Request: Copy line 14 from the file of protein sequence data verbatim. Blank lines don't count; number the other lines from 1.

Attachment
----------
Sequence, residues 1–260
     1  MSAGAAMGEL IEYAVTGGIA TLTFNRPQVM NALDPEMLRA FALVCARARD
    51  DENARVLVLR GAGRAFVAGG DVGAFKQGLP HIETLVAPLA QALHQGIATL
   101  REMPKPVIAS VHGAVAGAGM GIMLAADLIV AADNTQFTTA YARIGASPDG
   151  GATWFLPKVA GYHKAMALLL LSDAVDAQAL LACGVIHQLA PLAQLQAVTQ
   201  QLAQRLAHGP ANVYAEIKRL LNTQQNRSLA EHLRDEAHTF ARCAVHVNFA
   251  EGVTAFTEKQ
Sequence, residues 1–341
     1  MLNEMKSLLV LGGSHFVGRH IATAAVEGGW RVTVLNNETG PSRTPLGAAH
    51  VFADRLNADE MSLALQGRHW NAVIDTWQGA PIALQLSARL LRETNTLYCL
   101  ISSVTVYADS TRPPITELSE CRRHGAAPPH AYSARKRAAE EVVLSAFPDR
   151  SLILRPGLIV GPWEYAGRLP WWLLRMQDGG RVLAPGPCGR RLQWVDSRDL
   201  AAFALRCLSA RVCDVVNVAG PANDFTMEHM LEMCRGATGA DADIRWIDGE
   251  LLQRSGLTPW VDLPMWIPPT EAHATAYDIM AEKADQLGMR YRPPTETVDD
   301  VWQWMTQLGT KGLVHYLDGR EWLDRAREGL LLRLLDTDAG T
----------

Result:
   251  LLQRSGLTPW VDLPMWIPPT EAHATAYDIM AEKADQLGMR YRPPTETVDD